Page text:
Explores what it means to be undocumented in a legal, social, economic, and historical context
In this illuminating work, immigrant rights activist Aviva Chomsky shows how "illegality" and "undocumentedness" are concepts that were created to exclude and exploit. With a focus on US policy, she probes how people, especially Mexican and Central Americans, have been assigned this status - and to what ends. Blending history with human drama, Chomsky explores what it means to be undocumented in a legal, social, economic, and historical context. The result is a powerful testament of the complex, contradictory, and ever-shifting nature of status in America.
"An impassioned and well-reported case for change...Chomsky ably lays out just how brutal life can be for the undocumented." (New York Times Sunday Book Review)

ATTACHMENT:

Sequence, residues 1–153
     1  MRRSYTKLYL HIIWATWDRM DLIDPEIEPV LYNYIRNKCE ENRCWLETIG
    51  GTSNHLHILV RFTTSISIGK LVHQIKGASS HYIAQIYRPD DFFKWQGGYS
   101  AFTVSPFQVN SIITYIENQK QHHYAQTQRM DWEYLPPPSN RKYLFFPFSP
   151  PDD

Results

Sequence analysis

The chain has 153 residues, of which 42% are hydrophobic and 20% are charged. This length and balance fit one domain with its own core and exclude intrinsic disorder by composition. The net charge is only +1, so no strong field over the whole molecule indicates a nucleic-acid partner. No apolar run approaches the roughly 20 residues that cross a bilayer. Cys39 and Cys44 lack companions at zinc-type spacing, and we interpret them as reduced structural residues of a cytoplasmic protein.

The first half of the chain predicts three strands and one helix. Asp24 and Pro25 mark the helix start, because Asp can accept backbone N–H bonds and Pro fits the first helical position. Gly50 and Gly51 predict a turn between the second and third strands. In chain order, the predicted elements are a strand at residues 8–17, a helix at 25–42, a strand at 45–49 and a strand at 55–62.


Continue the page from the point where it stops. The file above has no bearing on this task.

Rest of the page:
"Undocumented adds smart, new, and provocative scholarship to the immigration debate." (Los Angeles Review of Books)
"From the first page to the last, Undocumented is to immigrant rights movement what We Charge Genocide was to the African American movement - a dossier that sets aside quibbles about whether immigrants contribute to the US economy or not, whether immigrants speak English or not and gives flesh to the slogan, 'Immigrant rights are human rights.' A clear-headed and smart book that locates the struggles of immigrants squarely in the struggles for human rights. Nothing less is to be accommodated, and much more is to be imagined." (Vijay Prashad, author of The Poorer Nations: A Possible History of the Global South)
We've sent an email with your order details. Order ID #:
To access this title, visit your library in the app or on the desktop website.